Ipswich school bounces back
AN IPSWICH school which was slammed by OFSTED in 2000 has today been praised by a parent as dedicated and caring.The turnaround at Downing Primary school was recognised in last year's government inspection but parent Ainea Corrigan believes the school deserves further recognition.
AN IPSWICH school which was slammed by OFSTED in 2000 has today been praised by a parent as dedicated and caring.
The turnaround at Downing Primary school was recognised in last year's government inspection but parent Ainea Corrigan believes the school deserves further recognition.
In a letter to the Evening Star she praises the attitudes of teachers at the school and tells of her children's happiness in attending Downing Primary.
She writes: "My children are both happy and settled and are doing well in their educational and social development as a result of the school's reluctance to give in.
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"From a parent's point of view, I see a team of people who do not stop, they are constantly working and striving to stay ahead of obstacles that seem to permanently pop up."
And obstacles certainly have occurred at the school – in 2000 Ofsted slammed headteacher Margo Barker stating that she was "not effective in setting a clear agenda as to what strategies should be implemented to raise standards more quickly."
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In the report, four inspectors ruled that teachers did not have high enough expectations of pupils and the school offered poor value for money – as a result many parents considered moving their children elsewhere.
Miss Corrigan said: "I was advised not to send my children there and I listened to the concerns of other parents.
"From what Ofsted said, I could see the downfalls but I live in Downing Close and I thought the school deserved a chance.
"The school really has improved, it's a lot cheerier and more organised.
" My eldest seems to have caught up in science and my youngest who is her first year can read, write and spell and is coming along well."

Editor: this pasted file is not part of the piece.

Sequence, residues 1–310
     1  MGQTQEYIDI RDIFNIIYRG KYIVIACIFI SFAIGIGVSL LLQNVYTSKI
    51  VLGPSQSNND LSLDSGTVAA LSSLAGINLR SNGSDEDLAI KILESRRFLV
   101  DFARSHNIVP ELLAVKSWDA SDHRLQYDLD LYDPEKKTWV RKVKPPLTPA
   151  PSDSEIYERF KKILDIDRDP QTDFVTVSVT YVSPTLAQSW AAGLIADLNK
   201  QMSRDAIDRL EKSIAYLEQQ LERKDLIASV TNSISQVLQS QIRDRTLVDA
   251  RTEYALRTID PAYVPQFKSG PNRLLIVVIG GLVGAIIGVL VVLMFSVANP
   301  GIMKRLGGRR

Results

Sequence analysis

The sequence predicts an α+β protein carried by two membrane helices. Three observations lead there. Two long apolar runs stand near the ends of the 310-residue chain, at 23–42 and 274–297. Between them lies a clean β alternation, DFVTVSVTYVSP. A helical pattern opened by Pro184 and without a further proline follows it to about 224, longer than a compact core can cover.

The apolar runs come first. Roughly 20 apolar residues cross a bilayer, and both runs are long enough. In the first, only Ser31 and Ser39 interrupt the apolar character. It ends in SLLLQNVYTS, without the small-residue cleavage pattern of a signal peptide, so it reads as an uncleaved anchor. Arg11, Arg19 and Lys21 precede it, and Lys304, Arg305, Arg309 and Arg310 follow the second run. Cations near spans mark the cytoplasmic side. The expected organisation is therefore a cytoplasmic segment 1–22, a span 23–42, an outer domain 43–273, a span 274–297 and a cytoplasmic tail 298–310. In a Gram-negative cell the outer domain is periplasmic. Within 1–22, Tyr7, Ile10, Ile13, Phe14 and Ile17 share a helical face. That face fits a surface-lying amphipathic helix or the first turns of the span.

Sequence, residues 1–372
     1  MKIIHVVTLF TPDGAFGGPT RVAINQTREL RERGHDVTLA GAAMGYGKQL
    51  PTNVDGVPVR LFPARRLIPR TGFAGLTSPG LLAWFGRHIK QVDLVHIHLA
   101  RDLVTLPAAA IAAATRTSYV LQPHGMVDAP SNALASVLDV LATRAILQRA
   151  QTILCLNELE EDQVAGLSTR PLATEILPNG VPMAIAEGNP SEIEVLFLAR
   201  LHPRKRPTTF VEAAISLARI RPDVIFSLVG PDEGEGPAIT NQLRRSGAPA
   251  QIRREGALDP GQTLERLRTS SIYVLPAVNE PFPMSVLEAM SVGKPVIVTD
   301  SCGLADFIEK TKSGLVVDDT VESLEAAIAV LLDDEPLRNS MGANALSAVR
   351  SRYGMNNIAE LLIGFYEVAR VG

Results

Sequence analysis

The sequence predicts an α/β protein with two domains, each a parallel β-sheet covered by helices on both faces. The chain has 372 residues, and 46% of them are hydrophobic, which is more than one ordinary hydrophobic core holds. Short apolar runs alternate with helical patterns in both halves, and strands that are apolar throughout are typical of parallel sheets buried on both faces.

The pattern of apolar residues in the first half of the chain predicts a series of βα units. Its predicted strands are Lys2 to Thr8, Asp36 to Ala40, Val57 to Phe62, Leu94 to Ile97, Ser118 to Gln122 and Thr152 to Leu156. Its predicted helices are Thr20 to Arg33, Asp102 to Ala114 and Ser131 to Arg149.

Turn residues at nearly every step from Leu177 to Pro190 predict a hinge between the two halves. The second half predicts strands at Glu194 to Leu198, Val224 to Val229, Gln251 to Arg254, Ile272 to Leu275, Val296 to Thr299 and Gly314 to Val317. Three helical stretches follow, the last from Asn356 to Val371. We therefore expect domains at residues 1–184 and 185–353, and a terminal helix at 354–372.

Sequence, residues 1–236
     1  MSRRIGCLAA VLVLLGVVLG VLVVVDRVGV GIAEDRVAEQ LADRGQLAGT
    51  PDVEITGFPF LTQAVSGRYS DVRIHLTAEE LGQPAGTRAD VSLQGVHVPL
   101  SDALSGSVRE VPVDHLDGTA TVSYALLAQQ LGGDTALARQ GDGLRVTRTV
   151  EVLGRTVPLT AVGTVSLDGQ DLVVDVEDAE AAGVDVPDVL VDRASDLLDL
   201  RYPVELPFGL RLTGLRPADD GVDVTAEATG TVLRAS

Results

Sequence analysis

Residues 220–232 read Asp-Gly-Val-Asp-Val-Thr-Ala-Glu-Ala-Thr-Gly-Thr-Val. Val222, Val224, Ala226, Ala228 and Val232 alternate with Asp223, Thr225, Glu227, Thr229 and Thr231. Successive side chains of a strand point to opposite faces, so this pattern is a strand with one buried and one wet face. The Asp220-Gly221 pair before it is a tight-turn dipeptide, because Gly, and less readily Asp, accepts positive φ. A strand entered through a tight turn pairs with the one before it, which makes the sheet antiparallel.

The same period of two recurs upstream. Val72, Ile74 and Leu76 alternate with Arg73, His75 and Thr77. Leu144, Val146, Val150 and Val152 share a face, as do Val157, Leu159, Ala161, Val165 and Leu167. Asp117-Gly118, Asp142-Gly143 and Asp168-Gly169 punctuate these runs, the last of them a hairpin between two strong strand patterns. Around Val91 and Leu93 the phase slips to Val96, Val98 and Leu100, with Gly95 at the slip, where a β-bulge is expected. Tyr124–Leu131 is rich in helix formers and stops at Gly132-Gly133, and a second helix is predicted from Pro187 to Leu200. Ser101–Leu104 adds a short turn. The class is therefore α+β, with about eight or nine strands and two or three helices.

It is for these reasons that last year's Ofsted report described the school as sound and improving although there was still difficulties in recruiting staff.
Margo Barker said: "The school has definitely improved. When the inspectors came in 2000 we had a lot of supply staff and now the staff are more stable.
"The teachers here really are excellent, they know every pupil and are aware of their needs.
"There has been a huge improvement in the children's behaviour as we now have a structured behaviour policy and the children know that there will be implications if they behave badly – there are also rewards if they are good."
It is the behavioural aspects which Ainea Corrigan has noticed so much in her children.
She added: "They are happy and they have manners towards older people, they play well with others and have been taught very good values which is really important."
There are still weaknesses at the school which OFSTED outlined in last year's report such as poor results in English and results elsewhere, below national averages.
Mrs Barker said the school does have a high proportion of children with special needs.
She said: "We have a lot of children with special educational needs – well above the average and so we will never reach the nationally recognised standards but a key stage 1-2 we are in the top 40 percent."
To the 160 pupils at Downing Primary school the biggest obstacle has become money and £4,000 is currently needed to fix their climbing frame.
Mrs Barker added: "Our budget is very tight and the governors prefer putting money into people rather than resources."
Currently the children are trying hard to raise money with a recent disco raising £20 and youngsters selling football cards for small sums of cash.
Miss Corrigan added: "It's just not fair, the school gets something done and then something else comes up.
"It's going to be very difficult, the school is small and the parents just don't have the money."